You are forgetting this is post-racial America, I don't think anyone cares if you are in bed with a Berber nomadic pastoralist from North Africa and an AppleTM product.... particularly if the Berber in question is sporting a jaunty cigarette holder.
posted by ennui.bz at 7:17 PM on January 28, 2010


Hey guys, how many shares of Intel do I have to buy to marry it? Legally speaking, it is a person, and not another dude, so I should be able to marry it, even if NJ just voted down gay marriage.
posted by mccarty.tim at 7:20 PM on January 28, 2010


This would have been so much better without the early-twenties-something-tech-hipster-sounding voice. I like what they're up to and I like the point they're making, but they need to find a retired radio or TV or movie trailer announcer to read their scripts with a deep, serious-sounding voice.
posted by treepour at 8:44 PM on January 28, 2010


The only compelling reason I've seen so far why this is illegal is the corporation isn't old enough. I'll be in my bunker, whimpering quietly.
posted by potch at 8:48 PM on January 28, 2010 [2 favorites]


Trader Joe's is old enough to run for President (parent company started by Joe Coloumbe, an individual, as Pronto Markets in 1958, with the first TJs opened in 1967, obviously incorporated then or earlier).

Maybe in 2012, Obama can drop Biden in favor of a Better Joe.
posted by oneswellfoop at 9:10 PM on January 28, 2010


Hey guys, how many shares of Intel do I have to buy to marry it? Legally speaking, it is a person, and not another dude, so I should be able to marry it, even if NJ just voted down gay marriage.

Yeah, uh, all corporations are pretty obviously dudes. They're almost all run by dudes, they employ mainly dudes, and they pay dudes more.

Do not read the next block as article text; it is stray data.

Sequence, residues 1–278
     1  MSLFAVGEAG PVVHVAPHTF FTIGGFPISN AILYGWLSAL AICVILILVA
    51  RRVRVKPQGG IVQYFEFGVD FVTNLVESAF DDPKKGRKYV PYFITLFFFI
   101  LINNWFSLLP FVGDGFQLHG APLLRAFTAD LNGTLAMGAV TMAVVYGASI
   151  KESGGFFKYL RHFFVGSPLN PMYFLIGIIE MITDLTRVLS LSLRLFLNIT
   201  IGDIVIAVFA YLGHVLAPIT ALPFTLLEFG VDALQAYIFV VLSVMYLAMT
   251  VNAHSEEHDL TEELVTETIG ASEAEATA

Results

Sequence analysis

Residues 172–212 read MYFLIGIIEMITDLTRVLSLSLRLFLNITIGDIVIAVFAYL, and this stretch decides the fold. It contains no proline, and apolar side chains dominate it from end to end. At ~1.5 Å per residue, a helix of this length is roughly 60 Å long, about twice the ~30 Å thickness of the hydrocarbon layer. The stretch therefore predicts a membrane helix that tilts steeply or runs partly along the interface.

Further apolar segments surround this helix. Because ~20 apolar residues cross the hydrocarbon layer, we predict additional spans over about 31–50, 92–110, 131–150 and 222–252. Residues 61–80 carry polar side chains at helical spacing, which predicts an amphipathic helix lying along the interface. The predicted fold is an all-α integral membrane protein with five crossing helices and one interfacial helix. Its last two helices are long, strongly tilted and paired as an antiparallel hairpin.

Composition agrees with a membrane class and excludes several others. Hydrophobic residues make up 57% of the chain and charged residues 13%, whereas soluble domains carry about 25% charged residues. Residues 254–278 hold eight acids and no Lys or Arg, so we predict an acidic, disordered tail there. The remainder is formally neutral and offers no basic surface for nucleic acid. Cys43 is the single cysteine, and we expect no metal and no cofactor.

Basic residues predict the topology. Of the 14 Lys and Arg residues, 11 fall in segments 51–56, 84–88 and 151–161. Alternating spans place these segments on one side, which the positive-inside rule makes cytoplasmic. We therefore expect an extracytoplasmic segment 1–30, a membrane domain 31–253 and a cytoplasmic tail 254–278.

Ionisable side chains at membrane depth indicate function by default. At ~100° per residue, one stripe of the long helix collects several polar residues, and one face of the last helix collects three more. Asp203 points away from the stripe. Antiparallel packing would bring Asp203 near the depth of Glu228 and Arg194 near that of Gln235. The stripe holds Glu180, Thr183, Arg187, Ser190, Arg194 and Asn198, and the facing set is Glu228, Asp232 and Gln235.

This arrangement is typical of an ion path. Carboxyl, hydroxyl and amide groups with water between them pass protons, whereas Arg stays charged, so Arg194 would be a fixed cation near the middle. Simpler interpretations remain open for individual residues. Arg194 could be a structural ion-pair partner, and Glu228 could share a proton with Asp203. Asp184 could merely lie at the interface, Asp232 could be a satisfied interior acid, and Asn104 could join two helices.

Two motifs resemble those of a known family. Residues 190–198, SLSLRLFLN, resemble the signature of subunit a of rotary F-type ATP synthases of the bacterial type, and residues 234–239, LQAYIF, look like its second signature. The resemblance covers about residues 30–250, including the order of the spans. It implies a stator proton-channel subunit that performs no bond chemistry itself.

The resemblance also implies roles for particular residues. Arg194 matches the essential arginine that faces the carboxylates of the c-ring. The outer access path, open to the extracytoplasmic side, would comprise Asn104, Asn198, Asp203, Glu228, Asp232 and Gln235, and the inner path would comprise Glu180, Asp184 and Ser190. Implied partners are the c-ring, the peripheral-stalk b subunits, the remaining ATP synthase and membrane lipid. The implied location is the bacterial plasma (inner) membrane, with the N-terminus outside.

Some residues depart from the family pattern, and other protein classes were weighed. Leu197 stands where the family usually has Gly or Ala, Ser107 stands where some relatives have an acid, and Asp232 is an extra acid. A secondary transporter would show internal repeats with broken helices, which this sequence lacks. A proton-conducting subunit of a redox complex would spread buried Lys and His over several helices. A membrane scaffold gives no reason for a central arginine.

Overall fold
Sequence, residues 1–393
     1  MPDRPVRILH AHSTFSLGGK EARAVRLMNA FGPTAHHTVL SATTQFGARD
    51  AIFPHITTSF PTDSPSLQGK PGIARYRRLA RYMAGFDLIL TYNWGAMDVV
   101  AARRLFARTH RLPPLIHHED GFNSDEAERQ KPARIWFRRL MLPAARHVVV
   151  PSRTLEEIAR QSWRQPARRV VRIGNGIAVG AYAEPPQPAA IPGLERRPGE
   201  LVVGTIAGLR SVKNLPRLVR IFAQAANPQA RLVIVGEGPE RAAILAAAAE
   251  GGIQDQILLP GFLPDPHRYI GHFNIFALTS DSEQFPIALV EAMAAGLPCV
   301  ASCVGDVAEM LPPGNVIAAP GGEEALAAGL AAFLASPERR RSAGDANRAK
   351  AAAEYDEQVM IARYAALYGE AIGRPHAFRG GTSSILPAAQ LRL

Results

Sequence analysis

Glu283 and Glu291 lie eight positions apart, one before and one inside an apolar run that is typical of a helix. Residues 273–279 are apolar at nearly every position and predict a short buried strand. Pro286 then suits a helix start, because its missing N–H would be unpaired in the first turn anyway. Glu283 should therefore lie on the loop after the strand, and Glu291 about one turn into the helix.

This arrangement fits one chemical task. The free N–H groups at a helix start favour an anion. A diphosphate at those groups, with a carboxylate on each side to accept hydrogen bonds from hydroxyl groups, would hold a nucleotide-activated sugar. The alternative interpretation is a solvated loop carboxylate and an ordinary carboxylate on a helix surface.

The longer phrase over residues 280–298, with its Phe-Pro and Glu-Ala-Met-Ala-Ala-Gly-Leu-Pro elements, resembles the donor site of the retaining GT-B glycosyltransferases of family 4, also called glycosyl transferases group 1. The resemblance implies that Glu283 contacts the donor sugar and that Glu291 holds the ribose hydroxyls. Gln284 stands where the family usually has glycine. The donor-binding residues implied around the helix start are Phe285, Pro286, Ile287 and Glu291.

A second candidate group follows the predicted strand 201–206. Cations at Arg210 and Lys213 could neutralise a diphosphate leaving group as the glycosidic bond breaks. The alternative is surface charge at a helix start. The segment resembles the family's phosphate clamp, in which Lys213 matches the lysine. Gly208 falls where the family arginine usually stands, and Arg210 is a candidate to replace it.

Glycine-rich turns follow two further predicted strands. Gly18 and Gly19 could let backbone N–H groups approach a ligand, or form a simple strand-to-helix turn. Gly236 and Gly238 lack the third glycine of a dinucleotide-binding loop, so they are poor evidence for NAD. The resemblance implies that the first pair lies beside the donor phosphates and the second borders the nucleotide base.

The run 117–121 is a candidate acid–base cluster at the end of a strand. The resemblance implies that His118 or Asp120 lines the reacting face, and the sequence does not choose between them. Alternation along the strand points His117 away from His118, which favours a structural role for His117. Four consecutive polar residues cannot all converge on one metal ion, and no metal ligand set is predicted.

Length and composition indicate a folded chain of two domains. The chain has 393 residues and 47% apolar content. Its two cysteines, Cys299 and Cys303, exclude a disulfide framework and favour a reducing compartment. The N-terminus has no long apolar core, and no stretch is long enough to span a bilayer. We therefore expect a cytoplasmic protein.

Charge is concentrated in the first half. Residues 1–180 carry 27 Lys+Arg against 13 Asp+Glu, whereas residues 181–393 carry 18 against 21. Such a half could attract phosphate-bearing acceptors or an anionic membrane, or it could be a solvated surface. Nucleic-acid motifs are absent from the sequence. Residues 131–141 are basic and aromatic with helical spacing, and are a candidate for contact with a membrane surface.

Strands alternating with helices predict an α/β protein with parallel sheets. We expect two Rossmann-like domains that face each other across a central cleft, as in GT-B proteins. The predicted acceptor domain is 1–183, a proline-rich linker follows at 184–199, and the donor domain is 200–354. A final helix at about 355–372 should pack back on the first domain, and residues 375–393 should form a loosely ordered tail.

posted by graventy at 9:22 PM on January 28, 2010


Call Murray Hill 5-9099 if you Love Lucy.
posted by twoleftfeet at 1:13 AM on January 29, 2010


25 years from now, you're going to run across this thread in some archive and be amazed at just how prescient those MetaFilter nuts actually were.
posted by Thorzdad at 4:26 AM on January 29, 2010


I think a corporation violates every clause in that line:
No person shall be a Representative who shall not have attained to the age of twenty five years, and been seven years a citizen of the United States, and who shall not, when elected, be an inhabitant of that state in which he shall be chosen.
By contrast, note that the first amendment does not refer to people when talking about free speech:
Congress shall make no law respecting an establishment of religion, or prohibiting the free exercise thereof; or abridging the freedom of speech, or of the press; or the right of the people peaceably to assemble, and to petition the government for a redress of grievances.
posted by smackfu at 5:43 AM on January 29, 2010


By contrast, note that the first amendment does not refer to people when talking about free speech